Spin Semiconductor. In the late 2000s, Keith Barr (of MXR and Alesis fame) and Frank Thomson formed a company focused on their new chip design, the FV-1. This chip has a fairly simple architecture, but can be programmed to make some really nice effects, and currently powers a ton of boutique reverb and delay pedals. The Spin Semiconductor website has a wealth of information about how to use the FV-1, including some “informal notes” that provide one of the best walkthroughs of allpass loop reverbs ever. I would recommend picking up the FV-1 Development Kit and loading up all the example algorithms from the Spin Semiconductor website to see how they work, as these examples greatly expand upon the basic allpass loop concepts.
Miller Puckette, Theory and Techniques of Electronic Music. Puckette has been designing reverbs since the early 80s, when the Stautner/Puckette algorithm was published in the Computer Music Journal. His online textbook is an embarrassment of reverb design riches, as well as musical DSP in general. Puckette has an excellent explanation of how feedback delay networks work, as well as going into depth on the use of rotation matrices in reverb design, and how rotation matrices correspond to allpass delays. The primary reverb example makes use of both a feedforward unitary delay network for early reflections, and a feedback delay network for late reverb. The Pure Data examples have several more explorations of FDN designs.
Julius O. Smith, Physical Audio Signal Processing. Smith has been publishing interesting reverb topologies since 1985, and this online (& physical) book is a great overview of his work. Smith goes into depth about comb and allpass delays, feedback delay networks, waveguide reverbs, and the various equivalences between these methods.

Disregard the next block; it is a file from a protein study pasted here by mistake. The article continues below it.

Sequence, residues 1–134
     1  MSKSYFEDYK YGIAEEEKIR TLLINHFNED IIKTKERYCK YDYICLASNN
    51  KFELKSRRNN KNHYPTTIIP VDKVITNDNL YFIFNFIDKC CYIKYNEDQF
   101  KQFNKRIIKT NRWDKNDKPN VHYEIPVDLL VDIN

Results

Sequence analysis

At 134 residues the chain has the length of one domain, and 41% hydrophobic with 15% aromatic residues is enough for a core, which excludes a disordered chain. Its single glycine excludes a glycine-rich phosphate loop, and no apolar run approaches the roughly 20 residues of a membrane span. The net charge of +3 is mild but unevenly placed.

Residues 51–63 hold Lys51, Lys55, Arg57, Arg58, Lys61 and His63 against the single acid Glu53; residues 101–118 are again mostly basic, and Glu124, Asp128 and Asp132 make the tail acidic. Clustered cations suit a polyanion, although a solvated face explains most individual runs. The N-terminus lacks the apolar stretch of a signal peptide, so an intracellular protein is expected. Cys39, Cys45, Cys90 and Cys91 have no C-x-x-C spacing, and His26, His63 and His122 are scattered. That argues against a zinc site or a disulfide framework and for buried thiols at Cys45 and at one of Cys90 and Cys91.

DAFX. The Digital Audio Effects (DAFX) conference has been held every year since 1998, and the proceedings from the conferences are a treasure trove of modern reverb research. Not all of the links are working on the page, but it is entirely worth tracking down EVERYTHING published at these conferences and giving it a read, or at least a glance (lots of good non-reverb papers).
The Journal Of the Audio Engineering Society E-Library. Normally I wouldn’t want to recommend a source that is behind a paywall, but there are 10s of thousands of amazing papers here, dating back to the 1950s.
Your local university library. OK, that doesn’t seem like an online resource, but hear me out. There are a lot of important reverb articles that have been published in journals like the Journal of the Acoustical Society of America, the IEEE, and the Computer Music Journal. Buying articles from these journals individual is expensive. However, odds are high that your local large research university subscribes to these journals, and has access to these online archives through their library system. For the past 15 years, I’ve walked to the University of Washington with a USB stick, sidled up to one of the public access terminals, plugged in a USB stick, and looked up and downloaded the papers I need. I’d highly recommend looking into the public research facilities in your area!